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(2nd LD) S. Korea suffers falls in production, consumption, investment in April

All News 10:01 May 31, 2022

(ATTN: UPDATES with more details in paras 9-11, 19, 20)
By Kim Soo-yeon

SEOUL, May 31 (Yonhap) -- South Korea's industrial output, consumption and investment declined together for the first time in over two years in April in the latest sign that economic recovery momentum remains fragile, data showed Tuesday.

Industrial production fell 0.7 percent in April from the previous month, compared with a 1.6 percent on-month rise in March, according to the data from Statistics Korea.

Compared with a year earlier, industrial output grew 4.5 percent.

Retail sales, a gauge of private spending, fell for the second consecutive month in April. Retail sales slid 0.2 percent last month, after a 0.7 percent on-month fall in March.

Facility investment fell 7.5 percent in April, larger than a 2.2 percent on-month decline in March. Facility investment declined for the third straight month, as companies, led by chipmakers, have delayed investments amid global supply chain disruptions and rising raw material prices.

It marked the first time since February 2020 that industrial output, consumption and facility investment declined together.

This file photo, taken May 23, 2022, shows stacks of containers at a port in South Korea's southeastern city of Busan. (Yonhap)

This file photo, taken May 23, 2022, shows stacks of containers at a port in South Korea's southeastern city of Busan. (Yonhap)

"Domestic demand remains rather sluggish. Economic growth momentum showed sputtering movements," Eo Woon-sun, a senior official at the statistics agency, told reporters.

Asia's fourth-largest economy has been on a recovery track on the back of robust exports and improving private spending. But it faces heightened economic uncertainty as soaring energy and food prices have put upward pressure on inflation amid Russia's war with Ukraine.

Concerns about stagflation, a mix of slowing growth and high inflation, have mounted. High inflation erodes people's purchasing power, thereby hampering consumption and economic growth.

Eo said uncertainty about the economic outlook remains high, as downside and upside risks are mixed.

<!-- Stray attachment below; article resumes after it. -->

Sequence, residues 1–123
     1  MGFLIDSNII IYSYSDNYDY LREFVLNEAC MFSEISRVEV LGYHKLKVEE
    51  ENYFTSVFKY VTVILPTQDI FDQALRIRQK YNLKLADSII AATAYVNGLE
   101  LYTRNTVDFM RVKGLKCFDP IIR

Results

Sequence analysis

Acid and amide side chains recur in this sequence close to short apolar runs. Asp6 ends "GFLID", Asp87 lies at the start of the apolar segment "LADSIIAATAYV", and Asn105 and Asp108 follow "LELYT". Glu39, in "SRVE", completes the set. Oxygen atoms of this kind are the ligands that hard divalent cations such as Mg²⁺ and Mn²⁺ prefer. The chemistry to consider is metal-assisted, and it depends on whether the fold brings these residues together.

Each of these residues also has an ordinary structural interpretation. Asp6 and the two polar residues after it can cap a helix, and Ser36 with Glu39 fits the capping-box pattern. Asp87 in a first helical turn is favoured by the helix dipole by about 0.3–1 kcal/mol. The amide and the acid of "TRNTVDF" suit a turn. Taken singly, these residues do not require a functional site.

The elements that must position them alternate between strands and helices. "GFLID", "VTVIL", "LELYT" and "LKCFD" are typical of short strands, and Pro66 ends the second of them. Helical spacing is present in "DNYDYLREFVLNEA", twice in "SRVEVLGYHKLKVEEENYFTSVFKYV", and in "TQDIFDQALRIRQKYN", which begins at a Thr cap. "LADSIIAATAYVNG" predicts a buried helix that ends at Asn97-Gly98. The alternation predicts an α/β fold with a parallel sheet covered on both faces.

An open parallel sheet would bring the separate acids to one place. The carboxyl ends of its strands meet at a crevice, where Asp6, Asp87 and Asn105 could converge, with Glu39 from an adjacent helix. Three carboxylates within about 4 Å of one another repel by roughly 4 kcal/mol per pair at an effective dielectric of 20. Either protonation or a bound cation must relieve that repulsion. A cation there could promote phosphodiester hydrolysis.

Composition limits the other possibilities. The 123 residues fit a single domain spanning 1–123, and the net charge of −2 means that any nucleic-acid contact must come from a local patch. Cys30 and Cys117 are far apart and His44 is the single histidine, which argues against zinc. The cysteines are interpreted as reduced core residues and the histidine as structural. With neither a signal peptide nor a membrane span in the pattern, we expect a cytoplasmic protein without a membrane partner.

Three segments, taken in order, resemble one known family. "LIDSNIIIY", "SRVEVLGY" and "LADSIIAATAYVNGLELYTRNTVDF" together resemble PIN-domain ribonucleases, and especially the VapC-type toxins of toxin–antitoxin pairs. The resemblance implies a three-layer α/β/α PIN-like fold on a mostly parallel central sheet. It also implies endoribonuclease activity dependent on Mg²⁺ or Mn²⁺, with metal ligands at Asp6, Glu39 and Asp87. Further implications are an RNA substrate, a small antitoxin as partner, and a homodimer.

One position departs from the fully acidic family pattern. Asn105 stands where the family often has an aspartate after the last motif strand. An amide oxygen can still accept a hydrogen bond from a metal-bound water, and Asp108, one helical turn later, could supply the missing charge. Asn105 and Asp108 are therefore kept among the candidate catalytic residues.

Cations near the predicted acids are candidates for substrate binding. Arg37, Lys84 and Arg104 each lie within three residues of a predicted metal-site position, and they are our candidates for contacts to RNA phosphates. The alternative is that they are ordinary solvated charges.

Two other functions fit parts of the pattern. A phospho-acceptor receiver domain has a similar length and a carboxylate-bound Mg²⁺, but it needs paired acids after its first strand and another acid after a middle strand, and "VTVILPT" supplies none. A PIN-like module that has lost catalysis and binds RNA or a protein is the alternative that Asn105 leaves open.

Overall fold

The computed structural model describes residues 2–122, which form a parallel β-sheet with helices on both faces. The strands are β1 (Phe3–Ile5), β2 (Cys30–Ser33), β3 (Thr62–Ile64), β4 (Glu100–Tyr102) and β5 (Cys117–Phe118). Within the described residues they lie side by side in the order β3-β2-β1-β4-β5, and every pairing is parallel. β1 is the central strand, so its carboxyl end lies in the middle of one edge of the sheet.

"The lifting of virus curbs, the implementation of an extra budget and major firms' massive investment plans could serve as an upside momentum for economic growth," he added.

Output in the manufacturing industry, the backbone of the economy, fell 3.1 percent on-month in April, led by a fall in the production of memory chips.

But service output grew 1.4 percent in April as production in the accommodation and eatery segments jumped 11.5 percent on-month due to relaxed virus restrictions.

The main index gauging the current economic situations fell for the second straight month in a possible sign that economic growth momentum may have peaked.

The cyclical component of the composite coincident index, which reflects current economic situations, fell 0.3 point on-month to 102.1.

The index, which predicts the turning point in business cycles, also shed 0.3 point on-month to 99.3, extending its losing streak to the 10th month.

Last week, the Bank of Korea sharply raised its 2022 inflation outlook to a 14-year high of 4.5 percent from its previous 3.1 percent estimate. The central bank lowered its growth forecast for the South Korean economy to 2.7 percent from 3 percent.

Inflation growth is widely expected to exceed 5 percent in May after a 4.8 percent on-year spike in April, the fastest rise in more than 13 years.

South Korea created a record 62 trillion-won (US$50 billion) extra budget -- the first under the government of President Yoon Suk-yeol -- in a bid to compensate small merchants for their losses caused by tough COVID-19 restrictions.

On April 18, the country lifted most coronavirus restrictions, except the mask mandate, in a major step toward returning to pre-pandemic life.

This photo, taken May 29, 2022, shows gas and diesel prices at a filling station in Seoul. (Yonhap)

This photo, taken May 29, 2022, shows gas and diesel prices at a filling station in Seoul. (Yonhap)


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